In the last few years, the field of TA has changed. Several institutions have been transformed and reorganized, and one can see a need to broaden the scope of European TA, from purely parliamentary TA (PTA) to forms of TA that approach policy making in a broader way. PACITA's efforts in expanding TA throughout Europe highlight the democratic approach to TA that is taken in Europe, and the introduction of TA in new countries, regions and cultures will add value to policy makers and the TA community. A more permanent and stable presence of TA at the European level also will serve as important support for TA initiatives in the future.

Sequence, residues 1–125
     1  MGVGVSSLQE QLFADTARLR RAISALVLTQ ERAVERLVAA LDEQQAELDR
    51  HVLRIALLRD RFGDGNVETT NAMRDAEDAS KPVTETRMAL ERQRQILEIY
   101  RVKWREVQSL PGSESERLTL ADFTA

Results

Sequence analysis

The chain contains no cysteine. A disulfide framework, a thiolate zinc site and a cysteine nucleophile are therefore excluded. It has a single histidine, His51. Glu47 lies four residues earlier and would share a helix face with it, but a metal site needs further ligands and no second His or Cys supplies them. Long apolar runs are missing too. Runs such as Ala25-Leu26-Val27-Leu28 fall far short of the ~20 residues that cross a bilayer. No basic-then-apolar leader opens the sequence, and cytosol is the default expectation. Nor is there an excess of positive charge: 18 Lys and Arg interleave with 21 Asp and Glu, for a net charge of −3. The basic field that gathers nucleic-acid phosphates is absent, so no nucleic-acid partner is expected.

Creating a permanent and stable presence of TA on the European level, and making it easy and desirable for TA institutions to participate in cross-European projects, demands more systematic funding than is provided today. The experiences from previous TA projects might seem to argue that as long as there are funding mechanisms available, such as the EU framework programmes, then cross-European TA will continue to exist. However, there is a strong belief that cross-European TA can grow even stronger if there is more systematic financing for crossEuropean cooperation, which is not limited to individual projects. A continuous presence, such as in the format of a TA Platform, will make a stronger impact than individual national institutions coming together for projects now and then (see also Part III of this book).